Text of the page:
That's why, I think, Mike's committee settled on the quote from Mother Teresa to define the Sacred Garden. In fact, I was given the honour of selecting the quote. So, just how do I see her wish for us to "do something beautiful for God" working out in our foothills community? Here are three thoughts that come to my mind immediately, and regular readers of these columns won't be at all surprised by my suggestions:

The beauty of longing hearts. There is an awe-inspiring quality inherent in beauty, whether it's the magnificence of a sunset or the glory of a fragrant garden. In the context of such beauty our hearts find satisfaction for their hunger for the Beautiful One, the Creator of all, expressed in the sensory-awakening splendour of sky and earth.

The beauty of listening hearts. In the quietude of such space, away from the distraction of the noisy world outside, we can come aside for a few minutes to discern the Still Small Voice of God, and consider how we can hear each other's voices better along life's too-often-self-absorbed journey.

The beauty of loving hearts. Here, amidst symbols of the Holy, we can reflect on how we can better practice the loving-kindness of gentle mercy and forgiveness of which the prophets of old wrote and to which Jesus invites us.

So, may the Sacred Garden at St. Mary's Church provide a beautiful quiet space where people of holy longing can pause and experience a bridge between the visible and the Invisible.

May it be a place where longing hearts find rest for their souls as they seek to hear the voice of God in the quiet surroundings and from deep within.

And may visitors go forth from this Sacred Garden into the wider community with a renewed determination to do - and to be - "something beautiful for God" through the beauty of their loving hearts.

© 2012 Warren Harbeck

You are always welcome in the Sacred Garden.

Article #2

From: The Kolbe Times, May 2014 (To link to the entire Kolbe Times Spring/Summer Issue, click here.)


By Warren Harbeck

Two journeys merge into one at St. Mary's Church in Cochrane. Both journeys take the pilgrim parishioner from the secular to the spiritual, guided by the light of sacred beauty.

[Image on the left: St. Mary's, Cochrane, Alberta]

The first is the pilgrim's journey into the community's collective worship experience within the building, a journey punctuated by sacred art to facilitate the transition. (See article in Fall 2013 issue at

The second is the pilgrim's journey into the quiet solitude of the Sacred Garden, adjacent to the church, to the left of the iconic bell tower at the arched main entrance. The garden's wrought-iron gate is always open, both for parishioners or anyone in the wider community seeking a place for contemplation and meditation.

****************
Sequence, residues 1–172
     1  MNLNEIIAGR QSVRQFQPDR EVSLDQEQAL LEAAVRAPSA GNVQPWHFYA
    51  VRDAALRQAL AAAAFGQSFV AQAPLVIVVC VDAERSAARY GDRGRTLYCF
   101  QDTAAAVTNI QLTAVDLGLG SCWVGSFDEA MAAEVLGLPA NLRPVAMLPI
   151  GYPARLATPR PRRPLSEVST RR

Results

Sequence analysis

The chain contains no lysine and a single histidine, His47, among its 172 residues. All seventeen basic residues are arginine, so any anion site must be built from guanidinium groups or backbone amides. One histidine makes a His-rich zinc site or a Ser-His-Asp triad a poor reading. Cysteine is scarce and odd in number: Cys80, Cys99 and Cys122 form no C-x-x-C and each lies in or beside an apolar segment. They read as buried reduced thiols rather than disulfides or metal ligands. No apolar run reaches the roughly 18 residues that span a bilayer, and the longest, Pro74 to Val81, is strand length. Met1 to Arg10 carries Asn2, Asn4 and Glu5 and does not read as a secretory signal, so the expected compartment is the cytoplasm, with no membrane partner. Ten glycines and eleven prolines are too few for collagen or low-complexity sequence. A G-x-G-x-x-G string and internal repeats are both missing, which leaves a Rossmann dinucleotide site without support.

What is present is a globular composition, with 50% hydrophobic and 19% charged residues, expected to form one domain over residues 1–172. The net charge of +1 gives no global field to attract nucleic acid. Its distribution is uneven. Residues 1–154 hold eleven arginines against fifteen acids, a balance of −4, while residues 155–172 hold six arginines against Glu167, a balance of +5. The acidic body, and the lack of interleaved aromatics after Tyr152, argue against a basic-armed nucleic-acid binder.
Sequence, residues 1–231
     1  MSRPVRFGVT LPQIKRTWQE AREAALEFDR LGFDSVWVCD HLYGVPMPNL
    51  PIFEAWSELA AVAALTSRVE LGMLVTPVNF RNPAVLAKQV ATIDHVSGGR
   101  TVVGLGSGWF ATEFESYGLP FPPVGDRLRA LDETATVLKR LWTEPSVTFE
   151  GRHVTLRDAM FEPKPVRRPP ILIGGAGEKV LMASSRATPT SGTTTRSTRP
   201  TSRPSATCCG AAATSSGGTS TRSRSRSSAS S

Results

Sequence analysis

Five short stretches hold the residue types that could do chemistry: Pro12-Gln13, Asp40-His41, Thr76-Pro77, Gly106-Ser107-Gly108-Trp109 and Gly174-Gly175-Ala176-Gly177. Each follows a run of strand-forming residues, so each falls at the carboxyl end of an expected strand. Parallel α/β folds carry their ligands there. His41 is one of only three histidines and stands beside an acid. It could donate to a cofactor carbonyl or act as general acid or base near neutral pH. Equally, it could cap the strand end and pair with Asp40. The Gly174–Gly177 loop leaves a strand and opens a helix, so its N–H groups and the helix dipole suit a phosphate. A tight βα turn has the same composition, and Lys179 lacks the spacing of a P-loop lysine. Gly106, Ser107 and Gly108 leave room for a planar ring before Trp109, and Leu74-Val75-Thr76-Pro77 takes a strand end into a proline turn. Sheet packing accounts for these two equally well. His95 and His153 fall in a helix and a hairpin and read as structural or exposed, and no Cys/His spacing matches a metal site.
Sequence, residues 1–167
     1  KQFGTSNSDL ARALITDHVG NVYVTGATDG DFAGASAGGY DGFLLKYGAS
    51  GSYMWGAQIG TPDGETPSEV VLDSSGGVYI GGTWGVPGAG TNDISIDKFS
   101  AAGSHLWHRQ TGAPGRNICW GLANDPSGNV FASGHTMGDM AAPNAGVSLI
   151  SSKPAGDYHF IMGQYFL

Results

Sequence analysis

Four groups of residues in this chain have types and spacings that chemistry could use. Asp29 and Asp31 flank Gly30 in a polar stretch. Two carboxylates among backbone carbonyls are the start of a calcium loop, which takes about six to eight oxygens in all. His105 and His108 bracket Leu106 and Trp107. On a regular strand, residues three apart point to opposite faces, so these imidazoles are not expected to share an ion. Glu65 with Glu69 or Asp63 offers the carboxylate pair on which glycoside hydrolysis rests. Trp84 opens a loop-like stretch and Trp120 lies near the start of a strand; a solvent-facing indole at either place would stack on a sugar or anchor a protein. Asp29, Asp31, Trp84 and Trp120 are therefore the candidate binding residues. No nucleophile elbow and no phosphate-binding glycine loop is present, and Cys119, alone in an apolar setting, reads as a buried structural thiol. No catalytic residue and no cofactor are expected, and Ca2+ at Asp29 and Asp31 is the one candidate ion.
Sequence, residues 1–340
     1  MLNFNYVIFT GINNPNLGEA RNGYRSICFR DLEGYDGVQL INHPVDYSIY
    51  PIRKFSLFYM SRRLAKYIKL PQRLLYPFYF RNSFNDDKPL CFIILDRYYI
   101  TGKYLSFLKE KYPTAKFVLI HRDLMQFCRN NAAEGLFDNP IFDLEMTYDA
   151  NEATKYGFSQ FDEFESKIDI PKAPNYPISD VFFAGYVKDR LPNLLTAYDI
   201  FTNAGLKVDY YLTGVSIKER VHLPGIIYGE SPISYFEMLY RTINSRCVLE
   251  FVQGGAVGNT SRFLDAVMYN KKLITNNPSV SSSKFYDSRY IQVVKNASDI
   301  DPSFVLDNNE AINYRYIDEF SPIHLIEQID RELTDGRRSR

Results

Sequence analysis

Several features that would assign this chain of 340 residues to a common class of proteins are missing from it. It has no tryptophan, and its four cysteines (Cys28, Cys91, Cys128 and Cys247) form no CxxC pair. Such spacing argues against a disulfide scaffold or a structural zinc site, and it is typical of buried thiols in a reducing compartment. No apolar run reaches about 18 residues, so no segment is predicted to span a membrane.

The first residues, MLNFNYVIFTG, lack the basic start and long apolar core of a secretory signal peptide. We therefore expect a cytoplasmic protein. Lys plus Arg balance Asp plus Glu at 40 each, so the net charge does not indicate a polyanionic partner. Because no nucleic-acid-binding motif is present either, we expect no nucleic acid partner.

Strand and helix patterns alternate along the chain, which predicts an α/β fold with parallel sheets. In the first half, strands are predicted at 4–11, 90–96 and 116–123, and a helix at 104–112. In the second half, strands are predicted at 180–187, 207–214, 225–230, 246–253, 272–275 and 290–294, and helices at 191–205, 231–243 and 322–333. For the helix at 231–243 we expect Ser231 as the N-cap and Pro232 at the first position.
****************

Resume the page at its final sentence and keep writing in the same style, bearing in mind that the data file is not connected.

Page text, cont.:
The garden journey begins with a walk along the Rosary Path, its bead-like paving stones taking the pilgrim to the foot of three rugged crosses that stand along the crest of the berm at the far side, and culminating in the prayerful journey-within-the-journey of a labyrinth (under construction).

[Image on the right: The Rosary Path, St. Mary's Sacred Garden]

Along the way, the pilgrim may pass through an historic stone arch and pause for a few minutes by a sparkling fountain, the bell tower rising in the distance as one with the fountain's leafy custom-crafted design. A gentle breeze may embrace the seeker with a wildflower-scented hug from the garden's meandering mosaic of myriad plants and blossoms.

[Image to the left: Mike Simpson, the visionary behind the Sacred Garden;
and Glen Lott, sculptor of the metal fountainhead]

Crossing over a small arched bridge, the pilgrim arrives at a bold-timbered arbour beneath which rests an antique bell linking the sojourner with generations past. Beside the bell, nestled within a circle of paving stones, is a metal plate inscribed with words lovingly associated with Blessed Mother Teresa of Calcutta: "Let's do something beautiful for God."

[Image on the right: Bell and plaque]

In the spirit of that invitation, the pilgrim finally arrives at the hub of the garden; the labyrinth, a place to experience the mystery of holiness in a more personal way as, step by step, meditation and contemplation are woven together into a banner of inner transformation in the journey toward becoming someone truly beautiful for God.

It is in this sense that the St. Mary's Church Sacred Garden merges with the building's interior space. Together they offer a window through which - individually and collectively as the people of God, with gratitude for the gift of our companions along the way - we come to experience more meaningfully the One we worship.

St. Mary's Church is located on River Heights Drive in Cochrane, Alberta. Warren Harbeck is a religious studies scholar, linguist, photographer and parishioner at St. Mary's. He can be reached at See for more information about the parish.

Photos in these articles are by Warren Harbeck